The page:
Are China's New Coal Plants a Waste?
Dec 11 2016 Comments 0
The Chinese government has come under heavy criticism from London-based climate group Carbon Tracker Initiative, who claim the country plans to waste as much as £385 billion on new coal-fired power plants.
Carbon Tracker argues that as the biggest emitter of carbon worldwide, China already has an excess amount of coal plants and that in order to meet its goals as laid out at the COP21 talks in Paris last year, it should be reducing capacity or shutting plants down, not building new ones.
Old habits die hard
At present, China is home to the second biggest economy in the world and its astronomic rise to the top of the financial world was boosted primarily by its extensive network of coal-powered plants. Carbon Tracker estimate that the country has enough plants to generate 895GW of energy across the nation, supplying more than half of their electricity needs.
However, mounting concerns over the pollution levels in the Asian superpower (which has long flirted with the title of most polluted country in the world) have led to the government entering a new era in Chinese air quality monitoring. Among other measures, China has poured more money into renewables than any other country and made concerted efforts to clean up the airwaves of its big cities.
However, the government has been willing to roll back coal output. Though Beijing had set itself a target of reducing coal capacity by 250 million tonnes by the end of the year (and allegedly reached that target in October), capacity reduction does not always equate to lower output. The reasons for this are the significant numbers of workers who owe their livelihood to coal; shutting down plants could potentially lead to mass unemployment and unrest, which is what the government fears most.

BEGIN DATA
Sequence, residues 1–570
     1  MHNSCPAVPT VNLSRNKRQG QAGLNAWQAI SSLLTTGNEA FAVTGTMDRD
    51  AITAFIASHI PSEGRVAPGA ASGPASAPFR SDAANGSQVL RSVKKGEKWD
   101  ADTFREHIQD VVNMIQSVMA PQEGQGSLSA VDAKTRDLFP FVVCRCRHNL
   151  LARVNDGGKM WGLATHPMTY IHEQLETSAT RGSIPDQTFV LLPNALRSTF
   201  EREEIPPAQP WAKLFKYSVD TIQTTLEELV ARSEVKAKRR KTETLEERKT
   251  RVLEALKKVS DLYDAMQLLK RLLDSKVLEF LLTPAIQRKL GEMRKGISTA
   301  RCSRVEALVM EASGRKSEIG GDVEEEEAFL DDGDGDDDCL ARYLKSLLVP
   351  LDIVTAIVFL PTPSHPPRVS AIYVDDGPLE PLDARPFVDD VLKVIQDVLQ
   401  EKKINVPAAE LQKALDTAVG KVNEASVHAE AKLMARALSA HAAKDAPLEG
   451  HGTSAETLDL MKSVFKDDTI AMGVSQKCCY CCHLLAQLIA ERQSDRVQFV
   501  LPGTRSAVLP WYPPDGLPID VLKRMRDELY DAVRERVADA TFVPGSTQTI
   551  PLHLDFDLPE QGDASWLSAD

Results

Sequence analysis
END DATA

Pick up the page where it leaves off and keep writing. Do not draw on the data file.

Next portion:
Now, Carbon Tracker have accused the Chinese government of investing almost £400 billion in new plants, despite the fact that it only operates most of its existing ones at about half capacity.
“A microcosm of wider structural woes”
Carbon Tracker, who specialise in monitoring atmospheric carbon dioxide in the vicinity of coal-fired power plants, claimed that 205GW of capacity were already under construction in China, with an additional 495GW earmarked for construction in the near future.
“This misallocation of capital is a microcosm of wider structural woes within the Chinese economy,” says the report. “China’s rapid economic growth, demographic profile and geographical size has meant it often made sense for the government to build power infrastructure first and ask questions later. The days when China could grow at a fast pace by accumulating capital, safe in the knowledge that this capital would achieve high returns, appear to be over.”
Carbon Tracker estimated the total cost of these new installations at £385 billion, working out to £630 million per KW. In the past, Carbon Tracker has advised that continuing to blindly invest in coal could lead to another financial crash with disastrous repercussions across the globe. On the other hand, the company argue that even if energy needs continued to grow at an inflated rate of 5% in China over the next four years, and all plants were run at just 45% capacity, the country would still produce enough energy to meet its needs.
As such, investing in further sources of coal-fired energy production appear to be a giant waste of investment capital and a blow to the hopes of environmentalists everywhere.
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